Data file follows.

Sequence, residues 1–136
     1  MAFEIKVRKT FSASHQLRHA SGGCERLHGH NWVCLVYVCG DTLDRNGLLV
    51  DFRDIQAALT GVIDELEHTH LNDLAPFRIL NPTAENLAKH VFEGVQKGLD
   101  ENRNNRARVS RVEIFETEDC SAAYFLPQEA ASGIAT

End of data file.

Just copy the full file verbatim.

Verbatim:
Sequence, residues 1–136
     1  MAFEIKVRKT FSASHQLRHA SGGCERLHGH NWVCLVYVCG DTLDRNGLLV
    51  DFRDIQAALT GVIDELEHTH LNDLAPFRIL NPTAENLAKH VFEGVQKGLD
   101  ENRNNRARVS RVEIFETEDC SAAYFLPQEA ASGIAT